OBSERVATIONS · slice of life

The End of Nap Time

*First, my parents took Isabelle to Philly on the train while we drove on the PA Turnpike. Then, the five of us ate brunch at Max Brenner. Next, we spent the afternoon at the Please Touch Museum. On the almost 2 hour drive home, Isabelle didn't shut her eyes!
*First, my parents took Isabelle to Philly on the train while we drove on the PA Turnpike. Then, the five of us ate brunch at Max Brenner. Next, we spent the afternoon at the Please Touch Museum. On the almost 2 hour drive home, Isabelle didn’t shut her eyes!

Everyone said it would happen last year. When it didn’t, I thought, I know my kid better than you do.

Everyone said it was going to happen soon. When it does, I thought, I’m going to lose my sanity.

But then it happened last week.  She stopped napping.

I kept trying to get her to nap, but after a full day* yesterday, it was confirmed.

My three year-old no longer naps.

And now I’m left wondering…

When will I have uninterrupted work time?

You see, Isabelle was NOT a good napper when she was a baby. However, she grew into a more consistent napper, sleeping nearly three hours every afternoon. I’ve come to rely on that swath of time to accomplish a lot of work and some writing (though most of my writing happens after she goes to bed at night).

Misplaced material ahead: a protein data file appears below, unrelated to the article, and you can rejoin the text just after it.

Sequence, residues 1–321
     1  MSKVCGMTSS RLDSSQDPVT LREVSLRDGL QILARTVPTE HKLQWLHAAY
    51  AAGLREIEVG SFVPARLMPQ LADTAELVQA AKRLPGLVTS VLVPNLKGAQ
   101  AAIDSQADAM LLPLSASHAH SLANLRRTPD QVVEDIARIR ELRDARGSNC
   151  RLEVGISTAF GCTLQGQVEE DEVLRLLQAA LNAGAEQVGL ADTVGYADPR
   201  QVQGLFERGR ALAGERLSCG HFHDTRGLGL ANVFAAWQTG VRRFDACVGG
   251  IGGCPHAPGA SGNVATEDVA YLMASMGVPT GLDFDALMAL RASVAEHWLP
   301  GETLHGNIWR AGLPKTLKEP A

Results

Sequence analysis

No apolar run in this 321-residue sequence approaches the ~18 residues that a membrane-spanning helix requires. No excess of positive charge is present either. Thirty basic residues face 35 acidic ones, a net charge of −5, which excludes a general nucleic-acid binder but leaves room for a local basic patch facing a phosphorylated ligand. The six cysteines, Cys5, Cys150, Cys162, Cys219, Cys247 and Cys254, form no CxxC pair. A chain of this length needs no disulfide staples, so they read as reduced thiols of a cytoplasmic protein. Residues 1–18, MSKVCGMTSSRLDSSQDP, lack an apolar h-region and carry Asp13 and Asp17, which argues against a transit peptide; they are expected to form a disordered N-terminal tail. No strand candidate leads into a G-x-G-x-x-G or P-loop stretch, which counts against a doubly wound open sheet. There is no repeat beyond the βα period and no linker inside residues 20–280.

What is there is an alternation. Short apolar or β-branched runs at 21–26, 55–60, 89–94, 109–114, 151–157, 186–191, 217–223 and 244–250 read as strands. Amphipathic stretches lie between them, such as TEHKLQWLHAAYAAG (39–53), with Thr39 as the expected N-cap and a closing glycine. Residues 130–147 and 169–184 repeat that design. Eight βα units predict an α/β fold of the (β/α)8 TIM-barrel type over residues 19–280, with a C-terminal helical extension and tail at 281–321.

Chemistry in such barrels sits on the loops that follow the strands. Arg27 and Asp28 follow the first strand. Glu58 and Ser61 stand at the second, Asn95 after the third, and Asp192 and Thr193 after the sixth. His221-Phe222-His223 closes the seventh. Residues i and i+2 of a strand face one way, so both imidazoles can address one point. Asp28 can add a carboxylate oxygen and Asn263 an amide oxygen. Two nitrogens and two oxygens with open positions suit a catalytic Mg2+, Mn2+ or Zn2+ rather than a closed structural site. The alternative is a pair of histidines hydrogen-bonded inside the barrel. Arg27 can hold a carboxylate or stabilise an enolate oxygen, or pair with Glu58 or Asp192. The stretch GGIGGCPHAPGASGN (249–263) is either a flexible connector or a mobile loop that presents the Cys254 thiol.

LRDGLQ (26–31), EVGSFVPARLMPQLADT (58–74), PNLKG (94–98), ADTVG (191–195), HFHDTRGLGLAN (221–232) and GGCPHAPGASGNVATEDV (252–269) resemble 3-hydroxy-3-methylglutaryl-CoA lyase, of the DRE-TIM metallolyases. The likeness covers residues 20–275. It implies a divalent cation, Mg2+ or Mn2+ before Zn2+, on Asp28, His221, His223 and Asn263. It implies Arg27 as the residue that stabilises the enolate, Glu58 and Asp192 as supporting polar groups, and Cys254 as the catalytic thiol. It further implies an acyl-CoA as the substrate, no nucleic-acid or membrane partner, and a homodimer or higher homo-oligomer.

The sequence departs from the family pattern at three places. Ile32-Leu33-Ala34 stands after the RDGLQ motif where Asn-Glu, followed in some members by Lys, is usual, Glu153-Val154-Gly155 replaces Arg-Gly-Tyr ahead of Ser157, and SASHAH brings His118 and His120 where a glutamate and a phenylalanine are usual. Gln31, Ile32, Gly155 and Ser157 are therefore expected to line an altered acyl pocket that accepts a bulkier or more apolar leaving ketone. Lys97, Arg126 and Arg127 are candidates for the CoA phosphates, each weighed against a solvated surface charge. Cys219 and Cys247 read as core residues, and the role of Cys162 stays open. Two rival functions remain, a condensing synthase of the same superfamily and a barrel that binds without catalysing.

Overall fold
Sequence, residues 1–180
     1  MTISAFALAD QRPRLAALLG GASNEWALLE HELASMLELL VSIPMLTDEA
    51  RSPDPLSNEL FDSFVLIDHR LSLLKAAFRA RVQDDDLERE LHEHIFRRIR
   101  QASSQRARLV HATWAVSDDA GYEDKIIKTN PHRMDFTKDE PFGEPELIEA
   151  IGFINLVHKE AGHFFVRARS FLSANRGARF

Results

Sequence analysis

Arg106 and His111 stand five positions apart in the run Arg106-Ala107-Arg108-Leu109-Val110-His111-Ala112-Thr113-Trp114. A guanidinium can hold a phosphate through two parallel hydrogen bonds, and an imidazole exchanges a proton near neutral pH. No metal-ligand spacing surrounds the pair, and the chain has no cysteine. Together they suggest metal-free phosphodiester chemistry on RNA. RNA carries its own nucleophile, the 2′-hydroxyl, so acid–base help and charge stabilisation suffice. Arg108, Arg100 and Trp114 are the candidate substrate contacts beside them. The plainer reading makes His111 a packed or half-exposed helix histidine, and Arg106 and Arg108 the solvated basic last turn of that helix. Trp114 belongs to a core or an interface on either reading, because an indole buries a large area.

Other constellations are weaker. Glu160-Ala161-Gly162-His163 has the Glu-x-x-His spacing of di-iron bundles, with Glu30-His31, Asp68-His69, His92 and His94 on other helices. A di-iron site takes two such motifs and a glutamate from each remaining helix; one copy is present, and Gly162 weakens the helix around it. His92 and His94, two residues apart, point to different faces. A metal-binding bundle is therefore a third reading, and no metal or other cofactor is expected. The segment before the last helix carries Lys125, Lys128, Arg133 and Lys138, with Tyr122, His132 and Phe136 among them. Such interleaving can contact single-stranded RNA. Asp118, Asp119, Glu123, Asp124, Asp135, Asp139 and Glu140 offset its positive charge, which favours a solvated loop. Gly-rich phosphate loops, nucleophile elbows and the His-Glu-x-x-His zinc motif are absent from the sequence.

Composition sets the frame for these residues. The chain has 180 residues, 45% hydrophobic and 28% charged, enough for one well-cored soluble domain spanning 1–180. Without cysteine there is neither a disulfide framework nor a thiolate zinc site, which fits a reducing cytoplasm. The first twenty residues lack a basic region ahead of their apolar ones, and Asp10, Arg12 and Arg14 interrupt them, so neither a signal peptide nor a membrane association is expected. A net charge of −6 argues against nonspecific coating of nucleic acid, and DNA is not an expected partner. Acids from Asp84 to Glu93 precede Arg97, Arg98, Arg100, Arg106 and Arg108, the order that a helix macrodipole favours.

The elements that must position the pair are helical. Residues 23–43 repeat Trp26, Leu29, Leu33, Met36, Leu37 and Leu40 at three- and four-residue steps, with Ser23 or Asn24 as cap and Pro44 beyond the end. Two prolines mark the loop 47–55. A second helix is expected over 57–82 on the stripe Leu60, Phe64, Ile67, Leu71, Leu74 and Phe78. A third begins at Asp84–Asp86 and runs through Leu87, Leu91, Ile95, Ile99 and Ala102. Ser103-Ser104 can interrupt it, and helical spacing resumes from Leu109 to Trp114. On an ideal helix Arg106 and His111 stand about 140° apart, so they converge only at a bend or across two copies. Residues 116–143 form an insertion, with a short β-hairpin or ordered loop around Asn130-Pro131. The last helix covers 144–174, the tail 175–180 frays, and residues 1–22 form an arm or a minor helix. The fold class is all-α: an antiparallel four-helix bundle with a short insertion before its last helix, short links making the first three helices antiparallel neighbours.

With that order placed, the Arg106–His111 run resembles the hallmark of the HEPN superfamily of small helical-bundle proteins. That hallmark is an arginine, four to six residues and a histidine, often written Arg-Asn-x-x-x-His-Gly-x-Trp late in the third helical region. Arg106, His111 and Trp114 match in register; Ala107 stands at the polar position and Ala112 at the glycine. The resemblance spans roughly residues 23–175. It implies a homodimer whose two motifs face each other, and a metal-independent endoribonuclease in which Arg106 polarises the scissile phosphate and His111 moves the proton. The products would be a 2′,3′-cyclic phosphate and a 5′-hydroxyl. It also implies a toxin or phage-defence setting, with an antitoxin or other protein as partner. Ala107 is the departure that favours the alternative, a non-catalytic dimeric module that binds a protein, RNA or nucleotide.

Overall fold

As a way to preserve my sanity, last week I instituted “rest time,” which is 90 minutes of time she may stay in her room laying down or playing with her stuffed animals. Today she sang in her crib, “exercised,” and played with her teddy bears while I itemized my 2013 business expenses for Uncle Sam. She was well-behaved the entire time and in-turn, I got serenaded while I did what is normally a tedious task.

I don’t know how rest time will go long-term. I need it to work. That being said, I’m open to suggestions for making it a time for her to chill out and for me to get things done. Any advice would be gladly appreciated!



19 thoughts on “The End of Nap Time

  1. Keep the rest time and keep the crib for as long as possible. Then, when it doesn’t work anymore, bedtime will be earlier, so that’s ok, too.

  2. I remember doing that too, Stacey. My kids went to their rooms and rested/played quietly-lots of looking at books too. Every one is different. Ingrid, almost 5 is just now giving up her nap, & still sometimes she takes one. Some help may be that if Isabelle is no longer napping, she can go to bed earlier, at least for a while. Best wishes!

    1. I wish that was the case (about the earlier bedtime)! By the time her lights were out tonight, it was 7:53 p.m. (NOTE: She used to go to bed at 8:00 p.m. WITH the three hour nap.) It’s hard since my husband tries so hard to get home from work by 6:30 p.m. We eat so quickly, race her into a shower, and do bedtime stories so quickly as it is. Now…